Jeep’s first forays into three-row people haulers and six-figure sticker prices are coinciding with one of the most debilitating supply bottlenecks the auto industry has ever experienced.
The global microchip shortage comes in a high-stakes year for Jeep, with three fresh nameplates joining the lineup and hundreds of dealers preparing to spend big bucks to create dedicated space for the adventure brand.
Stellantis hasn’t indicated that any of its impending launches are in danger, but dealers have been getting fewer deliveries of some other models while assembly lines are halted or slowed. The automaker broached the idea of providing only a single key fob with some vehicles to conserve chips, according to one dealer, but decided against it.
If all goes according to plan, the three-row Grand Cherokee L will arrive in dealerships this summer, around the same time as the upscale Wagoneer and Grand Wagoneer SUVs. Consumers are eager to buy, and dealers anxiously await the chance to wade into lucrative segments as a new era of design and technology dawns for the brand. The new vehicles’ added volume could even push Jeep’s annual U.S. sales over the 1 million mark after coming tantalizingly close in recent years.
Steve Wolf, dealer principal of Helfman Dodge-Chrysler-Jeep-Ram-Fiat in Houston, said he expects the automaker to protect the Wagoneer models, which he dubbed the automaker’s “golden calves,” however it needs to in the face of the chip shortage.
Wolf said he recently got assurances from senior management that the Wagoneer, Grand Wagoneer and Grand Cherokee L will arrive as promised. For now, he has enough Gladiators, Wranglers, Grand Cherokees and Ram pickups to hold him over.
A delay for the Wagoneer, expected to begin production in June, would be a drag, Wolf said, but he could deal with taking a little bit longer to be able to go head-to-head with the Chevrolet Suburban and Cadillac Escalade.
“I’ve been waiting for a full-size SUV since 1989, and I finally got it, so another couple months aren’t going to make that big of a difference,” Wolf said.
“Truthfully, that’s a plus business anyway because we’ve never had a representation in that full-size SUV segment. It’s all incremental business for me.”
If the chip shortage stretches beyond summer, it could complicate the rollout of the redesigned two-row Grand Cherokee in the third quarter.
The Detroit plant that makes the Dodge Durango and two-row Grand Cherokee, Jeep’s top seller, began temporary layoffs last week and will operate with a smaller work force throughout May. The adjacent, newly built plant that will make the Grand Cherokee L has not had downtime.
Plants that build the Chrysler Pacifica, Jeep Cherokee and Jeep Compass were scheduled to remain down this week, Stellantis said. The Ram Classic plant in suburban Detroit that will assemble the Wagoneers went dark in late March and isn’t expected back online for at least several more weeks.
The Grand Cherokee L and burly Wagoneer are among the reasons Wolf has elected to upgrade his dealership with a separate Jeep showroom. He has a list of customers who have ordered a Grand Cherokee L or Wagoneer, with several opting for the Grand Wagoneer’s pricey 4×4 Series III trims that come in at $77,995 including shipping. Fully loaded, the Grand Wagoneer will be the brand’s first-ever stock production vehicle to top $100,000.
In Massachusetts, Kelly Automotive Group opened a sprawling standalone Jeep store on 6 acres last summer, ahead of the brand’s product blitz. The store has 27 preorders for the Wagoneer and Grand Wagoneer.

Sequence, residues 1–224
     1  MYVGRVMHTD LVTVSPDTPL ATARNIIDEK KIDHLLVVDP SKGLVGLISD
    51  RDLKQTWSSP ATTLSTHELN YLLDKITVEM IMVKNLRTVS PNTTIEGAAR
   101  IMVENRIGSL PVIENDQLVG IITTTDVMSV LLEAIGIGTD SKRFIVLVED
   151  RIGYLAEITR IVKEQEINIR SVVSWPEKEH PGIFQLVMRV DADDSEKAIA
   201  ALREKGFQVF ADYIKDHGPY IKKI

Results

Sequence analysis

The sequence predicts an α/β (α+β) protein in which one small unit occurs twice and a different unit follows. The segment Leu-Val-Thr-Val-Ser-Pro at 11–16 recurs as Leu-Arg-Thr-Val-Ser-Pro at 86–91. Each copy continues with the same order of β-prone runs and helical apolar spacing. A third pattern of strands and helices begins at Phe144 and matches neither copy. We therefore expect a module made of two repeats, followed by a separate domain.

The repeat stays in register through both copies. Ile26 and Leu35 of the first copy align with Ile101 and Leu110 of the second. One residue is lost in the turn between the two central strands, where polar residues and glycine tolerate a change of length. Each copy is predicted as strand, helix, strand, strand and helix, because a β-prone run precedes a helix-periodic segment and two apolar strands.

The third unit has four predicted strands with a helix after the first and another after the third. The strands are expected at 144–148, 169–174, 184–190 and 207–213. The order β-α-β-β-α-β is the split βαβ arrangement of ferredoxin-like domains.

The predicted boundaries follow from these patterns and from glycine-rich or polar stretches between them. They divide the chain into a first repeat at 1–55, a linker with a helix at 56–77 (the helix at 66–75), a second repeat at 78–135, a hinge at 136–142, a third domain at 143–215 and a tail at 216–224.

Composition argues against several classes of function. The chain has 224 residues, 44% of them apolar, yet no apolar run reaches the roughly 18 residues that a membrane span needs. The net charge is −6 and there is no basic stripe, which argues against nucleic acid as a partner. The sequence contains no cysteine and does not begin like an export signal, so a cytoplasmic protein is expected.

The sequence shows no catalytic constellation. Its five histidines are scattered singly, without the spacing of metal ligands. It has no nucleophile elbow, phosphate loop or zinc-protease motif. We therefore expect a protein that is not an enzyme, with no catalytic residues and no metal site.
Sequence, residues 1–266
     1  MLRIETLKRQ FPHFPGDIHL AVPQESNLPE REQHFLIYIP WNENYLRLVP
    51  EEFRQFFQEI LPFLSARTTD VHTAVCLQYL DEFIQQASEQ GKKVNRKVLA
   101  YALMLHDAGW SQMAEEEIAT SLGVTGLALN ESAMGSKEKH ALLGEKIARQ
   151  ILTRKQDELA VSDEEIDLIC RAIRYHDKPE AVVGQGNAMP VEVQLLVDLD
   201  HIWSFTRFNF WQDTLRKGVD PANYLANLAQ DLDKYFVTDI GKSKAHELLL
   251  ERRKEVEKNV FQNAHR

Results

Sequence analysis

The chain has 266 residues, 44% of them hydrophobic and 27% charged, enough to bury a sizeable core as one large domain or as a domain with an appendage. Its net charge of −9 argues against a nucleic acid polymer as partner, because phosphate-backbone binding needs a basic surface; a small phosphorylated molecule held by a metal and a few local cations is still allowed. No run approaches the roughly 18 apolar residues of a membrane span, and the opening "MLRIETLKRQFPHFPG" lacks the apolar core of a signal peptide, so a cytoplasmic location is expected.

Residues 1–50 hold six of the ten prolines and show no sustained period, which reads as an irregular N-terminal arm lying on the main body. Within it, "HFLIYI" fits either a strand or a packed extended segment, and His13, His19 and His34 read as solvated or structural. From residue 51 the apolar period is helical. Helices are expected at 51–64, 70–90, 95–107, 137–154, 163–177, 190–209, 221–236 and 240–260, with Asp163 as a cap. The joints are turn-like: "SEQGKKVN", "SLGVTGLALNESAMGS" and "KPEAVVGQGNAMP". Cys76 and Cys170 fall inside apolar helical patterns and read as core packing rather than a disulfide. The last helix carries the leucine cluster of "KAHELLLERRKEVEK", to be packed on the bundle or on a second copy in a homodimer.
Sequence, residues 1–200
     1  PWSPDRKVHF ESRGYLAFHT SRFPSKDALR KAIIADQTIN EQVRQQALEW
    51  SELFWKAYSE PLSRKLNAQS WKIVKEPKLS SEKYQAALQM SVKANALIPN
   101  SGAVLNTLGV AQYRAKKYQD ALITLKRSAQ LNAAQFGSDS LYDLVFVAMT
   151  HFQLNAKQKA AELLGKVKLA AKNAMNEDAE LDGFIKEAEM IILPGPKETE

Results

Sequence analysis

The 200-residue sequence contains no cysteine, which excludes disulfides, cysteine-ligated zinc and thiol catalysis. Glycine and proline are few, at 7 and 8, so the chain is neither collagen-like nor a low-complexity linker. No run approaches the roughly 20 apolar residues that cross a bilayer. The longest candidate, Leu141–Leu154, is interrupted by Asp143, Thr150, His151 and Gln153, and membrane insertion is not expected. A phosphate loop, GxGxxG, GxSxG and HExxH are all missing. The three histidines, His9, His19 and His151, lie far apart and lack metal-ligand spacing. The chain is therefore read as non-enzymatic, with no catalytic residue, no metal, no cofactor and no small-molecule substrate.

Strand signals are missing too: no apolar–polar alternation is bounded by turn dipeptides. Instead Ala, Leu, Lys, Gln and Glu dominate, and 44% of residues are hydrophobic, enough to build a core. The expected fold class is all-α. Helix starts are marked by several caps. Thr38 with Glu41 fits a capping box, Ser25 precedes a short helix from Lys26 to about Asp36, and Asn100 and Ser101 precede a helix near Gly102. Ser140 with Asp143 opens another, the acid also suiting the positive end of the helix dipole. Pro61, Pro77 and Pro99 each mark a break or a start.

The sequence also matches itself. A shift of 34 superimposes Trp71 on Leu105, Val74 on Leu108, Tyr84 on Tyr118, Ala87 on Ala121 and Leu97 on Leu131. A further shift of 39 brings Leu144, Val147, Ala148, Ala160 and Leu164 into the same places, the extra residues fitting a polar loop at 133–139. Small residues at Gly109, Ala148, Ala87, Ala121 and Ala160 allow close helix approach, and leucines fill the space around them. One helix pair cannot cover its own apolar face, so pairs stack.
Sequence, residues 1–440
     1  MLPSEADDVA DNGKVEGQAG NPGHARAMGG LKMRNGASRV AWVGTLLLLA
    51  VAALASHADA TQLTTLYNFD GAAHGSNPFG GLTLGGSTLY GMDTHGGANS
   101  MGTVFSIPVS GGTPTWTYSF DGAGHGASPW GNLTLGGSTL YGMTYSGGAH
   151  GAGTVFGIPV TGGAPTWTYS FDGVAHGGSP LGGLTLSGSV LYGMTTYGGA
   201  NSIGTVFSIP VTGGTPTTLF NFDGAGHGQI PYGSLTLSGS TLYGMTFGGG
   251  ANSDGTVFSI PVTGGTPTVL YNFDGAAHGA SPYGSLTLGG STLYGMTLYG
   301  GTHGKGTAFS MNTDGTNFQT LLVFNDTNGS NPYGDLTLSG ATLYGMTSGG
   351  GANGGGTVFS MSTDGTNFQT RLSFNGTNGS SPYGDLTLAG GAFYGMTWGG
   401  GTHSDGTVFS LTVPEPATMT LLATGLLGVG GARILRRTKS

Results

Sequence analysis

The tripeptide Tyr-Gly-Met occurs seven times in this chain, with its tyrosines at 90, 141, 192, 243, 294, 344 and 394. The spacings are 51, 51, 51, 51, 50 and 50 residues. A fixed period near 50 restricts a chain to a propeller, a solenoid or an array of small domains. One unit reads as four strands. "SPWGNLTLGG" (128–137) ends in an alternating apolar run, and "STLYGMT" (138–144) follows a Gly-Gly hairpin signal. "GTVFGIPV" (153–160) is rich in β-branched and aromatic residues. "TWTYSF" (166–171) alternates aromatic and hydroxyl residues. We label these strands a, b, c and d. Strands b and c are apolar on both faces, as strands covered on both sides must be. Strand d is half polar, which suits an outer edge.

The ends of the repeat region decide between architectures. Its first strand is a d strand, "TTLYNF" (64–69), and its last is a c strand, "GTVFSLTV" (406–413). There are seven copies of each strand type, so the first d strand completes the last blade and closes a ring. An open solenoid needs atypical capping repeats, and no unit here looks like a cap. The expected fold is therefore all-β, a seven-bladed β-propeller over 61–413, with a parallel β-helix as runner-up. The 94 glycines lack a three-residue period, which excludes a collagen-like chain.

Group CEO Brian Heney said he’s “cautiously optimistic” that the chip shortage won’t delay Jeep’s high-profile launches or deplete his store’s inventory. Stellantis has kept production going better than expected and weighed giving out just one key fob instead of two as a way to alleviate the supply crunch, he said.
Stellantis seems to have a “strong understanding of what needs to be done and which models need to be fully supported for their sake and their dealer network,” Heney said.
“We control what we can control to the best of our abilities each, day and if delays do happen, we will simply make the best we possibly can out of the situation.”
Dave Kelleher, chairman of the Stellantis National Dealer Council, said the automaker has been “prioritizing volume” of important vehicles to combat the shortage. Still, his inventory is shrinking. He had 127 vehicles on hand last week instead of the typical 650 during this time of the year.
Kelleher’s dealership, David Dodge-Chrysler-Jeep-Ram in Glen Mills, Pa., has been encouraging customers to order vehicles from the factory with the options they want, so a lot of what’s being delivered to his store already has a buyer. He has 117 sold orders in his system right now, compared with 15 in normal times.
He is planning to invest about $5 million to add a separate Jeep showroom soon. He isn’t worried about any Wagoneer and Grand Cherokee L delays.
“I’m not concerned because I think Chrysler is handling it properly, and I think that’s an important thing,” Kelleher said.
“I feel very confident in the conversations that I’ve had with upper management. They know what they’re dealing with, they’ve got a handle on it.”
John Grant, co-owner of the Jeep Only dealership in Las Vegas, is seeing a mix of previous customers and new clients putting in orders for the Wagoneer models. The Grand Cherokee L is getting plenty of interest as well. If those models were held back for a while longer, he wouldn’t like it but said he would just have to deal with it.
“I tell everybody if [the car business] was easy, everybody would do it,” he said. “There’s always a new speed bump in the road. You’ve just got to figure out how to go around it, or slow down and go over it. … The good news is it involves so many manufacturers and models that you’ve got a lot of smarter people than I working on it.”
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